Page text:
ABLI has received information that Daegu High Court in South Korea recognised a judgment from the People’s Court of Chaoyang District in Beijing on 12 July 2019.
The judgment by Daegu High Court (2018나23101 집행판결) affirmed the lower court decision to recognise and enforce the Chinese judgment which dealt with disputes over the payment of proceeds (and interest) from the sale of a residential property under an agency contract. Both parties to the original judgment are Korean nationals.
In recognising and enforcing the Chinese judgment, the Daegu High Court reasoned that Article 281 and Article 282 of China’s Civil Procedure Law (which are provisions on the recognition and enforcement of foreign judgments in China) do not differ substantively from the relevant articles in Korea’s Civil Procedure Code. As such, judgments from South Korean courts should reasonably be expected to be recognised and enforced in China. It also referred to 99 Gahap 26523, where on 5 November 1999 the Seoul District Court recognised and enforced a judgment by the Weifang Intermediate People’s Court in China’s Shandong Province, as evidence of precedents of Chinese judgments having been recognised and enforced in South Korea. The judgment also naturally mentioned (2018) LU 02 XIE WAI REN No 6, which was the first time any South Korean judgment has been recognised by a Chinese court (in this case the Qingdao Intermediate People’s Court).
Interestingly, Daegu High Court also pointed to a memorandum of understanding on judicial exchange and cooperation signed between the Supreme Court of South Korea and the Supreme People’s Court on 14 June 2016, which reportedly includes an understanding that both sides will cooperate with each other in recognizing and enforcing each other’s judgments. ABLI has not independently verified this point pending access to the memorandum of understanding.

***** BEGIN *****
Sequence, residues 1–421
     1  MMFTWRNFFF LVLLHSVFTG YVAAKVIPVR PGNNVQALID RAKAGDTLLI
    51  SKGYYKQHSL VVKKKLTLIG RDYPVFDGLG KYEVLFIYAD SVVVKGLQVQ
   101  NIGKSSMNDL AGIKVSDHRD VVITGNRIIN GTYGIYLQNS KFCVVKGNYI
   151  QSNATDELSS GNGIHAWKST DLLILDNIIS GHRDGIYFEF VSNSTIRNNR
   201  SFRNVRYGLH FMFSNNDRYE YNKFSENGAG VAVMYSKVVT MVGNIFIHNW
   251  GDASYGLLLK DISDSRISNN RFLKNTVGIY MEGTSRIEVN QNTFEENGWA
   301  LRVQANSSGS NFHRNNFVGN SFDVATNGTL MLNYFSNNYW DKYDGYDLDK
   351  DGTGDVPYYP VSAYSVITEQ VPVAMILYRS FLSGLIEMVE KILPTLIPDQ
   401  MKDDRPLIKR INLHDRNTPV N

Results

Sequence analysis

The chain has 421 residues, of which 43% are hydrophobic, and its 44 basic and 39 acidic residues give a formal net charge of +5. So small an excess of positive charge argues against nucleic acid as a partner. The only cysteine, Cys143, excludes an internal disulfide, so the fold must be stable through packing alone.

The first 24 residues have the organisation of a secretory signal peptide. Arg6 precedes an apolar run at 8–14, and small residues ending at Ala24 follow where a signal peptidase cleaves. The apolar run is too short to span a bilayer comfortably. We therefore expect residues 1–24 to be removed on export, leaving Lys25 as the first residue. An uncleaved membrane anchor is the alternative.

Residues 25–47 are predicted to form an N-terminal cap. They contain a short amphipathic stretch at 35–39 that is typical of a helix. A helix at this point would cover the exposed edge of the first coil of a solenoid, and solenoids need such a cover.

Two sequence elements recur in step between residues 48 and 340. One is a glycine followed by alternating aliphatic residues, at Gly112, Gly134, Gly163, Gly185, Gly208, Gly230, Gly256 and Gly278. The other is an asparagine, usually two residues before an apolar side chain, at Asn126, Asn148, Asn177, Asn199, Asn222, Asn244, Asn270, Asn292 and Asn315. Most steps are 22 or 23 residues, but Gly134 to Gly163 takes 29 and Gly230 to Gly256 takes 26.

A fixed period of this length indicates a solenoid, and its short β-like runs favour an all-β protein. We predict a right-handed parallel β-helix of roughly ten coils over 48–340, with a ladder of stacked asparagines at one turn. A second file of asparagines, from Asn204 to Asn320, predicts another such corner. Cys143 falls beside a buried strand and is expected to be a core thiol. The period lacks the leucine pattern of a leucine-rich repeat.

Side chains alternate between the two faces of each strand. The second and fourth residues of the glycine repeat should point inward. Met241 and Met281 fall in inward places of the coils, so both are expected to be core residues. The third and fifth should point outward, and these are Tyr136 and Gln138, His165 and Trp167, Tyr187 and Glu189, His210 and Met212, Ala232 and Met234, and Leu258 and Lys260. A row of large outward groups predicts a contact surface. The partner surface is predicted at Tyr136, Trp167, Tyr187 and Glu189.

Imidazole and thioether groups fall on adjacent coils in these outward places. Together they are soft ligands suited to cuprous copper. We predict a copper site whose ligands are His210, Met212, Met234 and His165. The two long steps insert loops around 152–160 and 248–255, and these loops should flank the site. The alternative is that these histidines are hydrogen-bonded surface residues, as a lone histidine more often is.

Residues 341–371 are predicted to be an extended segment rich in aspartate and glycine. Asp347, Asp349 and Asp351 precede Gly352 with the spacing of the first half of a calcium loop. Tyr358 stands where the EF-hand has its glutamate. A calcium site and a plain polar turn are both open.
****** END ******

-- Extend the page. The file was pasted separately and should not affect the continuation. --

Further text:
As we mentioned in this previous write-up, although South Korea has recognised a Chinese judgment as early as 1999, China did not “reciprocate” until 2018. Indeed, between 1999 and 2018, China twice refused to recognise and enforce judgments from South Korean courts. It can be said that the positive step taken by the Qingdao Intermediate People’s Court in 2018 served to confirm to the South Korean side that China would indeed “reciprocate”, and this decision by the Daegu High Court will no doubt reinforce this virtuous cycle.
An analysis is also available on China Justice Observer.
To learn about more the rules in China and South Korea on the recognition and enforcement of foreign judgments, see our Foreign Judgments Project and our publication Recognition and Enforcement of Foreign Judgments in Asia.